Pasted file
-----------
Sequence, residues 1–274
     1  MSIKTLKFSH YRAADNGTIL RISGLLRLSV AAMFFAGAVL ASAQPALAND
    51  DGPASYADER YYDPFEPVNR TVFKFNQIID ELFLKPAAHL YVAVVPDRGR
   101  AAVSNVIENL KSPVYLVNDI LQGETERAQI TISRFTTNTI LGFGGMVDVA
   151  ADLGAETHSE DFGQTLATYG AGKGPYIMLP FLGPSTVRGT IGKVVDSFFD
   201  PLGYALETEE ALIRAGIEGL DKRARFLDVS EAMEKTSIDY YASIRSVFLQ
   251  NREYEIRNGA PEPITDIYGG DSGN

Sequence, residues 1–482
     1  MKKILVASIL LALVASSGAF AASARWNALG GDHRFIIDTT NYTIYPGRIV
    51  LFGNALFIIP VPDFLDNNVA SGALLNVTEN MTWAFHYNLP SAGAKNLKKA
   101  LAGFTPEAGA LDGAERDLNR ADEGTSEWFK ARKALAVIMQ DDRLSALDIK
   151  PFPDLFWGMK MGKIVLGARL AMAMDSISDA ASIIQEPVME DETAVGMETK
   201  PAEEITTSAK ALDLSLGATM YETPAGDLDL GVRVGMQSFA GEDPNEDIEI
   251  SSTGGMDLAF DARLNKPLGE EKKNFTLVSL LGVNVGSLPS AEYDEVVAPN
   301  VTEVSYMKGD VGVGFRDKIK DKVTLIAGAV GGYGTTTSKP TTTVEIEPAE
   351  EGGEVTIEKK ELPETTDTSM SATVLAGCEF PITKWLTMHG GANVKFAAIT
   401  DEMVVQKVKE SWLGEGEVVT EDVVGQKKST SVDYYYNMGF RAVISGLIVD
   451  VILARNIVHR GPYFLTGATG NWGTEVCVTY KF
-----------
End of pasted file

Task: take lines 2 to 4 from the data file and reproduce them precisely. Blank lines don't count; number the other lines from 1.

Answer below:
     1  MSIKTLKFSH YRAADNGTIL RISGLLRLSV AAMFFAGAVL ASAQPALAND
    51  DGPASYADER YYDPFEPVNR TVFKFNQIID ELFLKPAAHL YVAVVPDRGR
   101  AAVSNVIENL KSPVYLVNDI LQGETERAQI TISRFTTNTI LGFGGMVDVA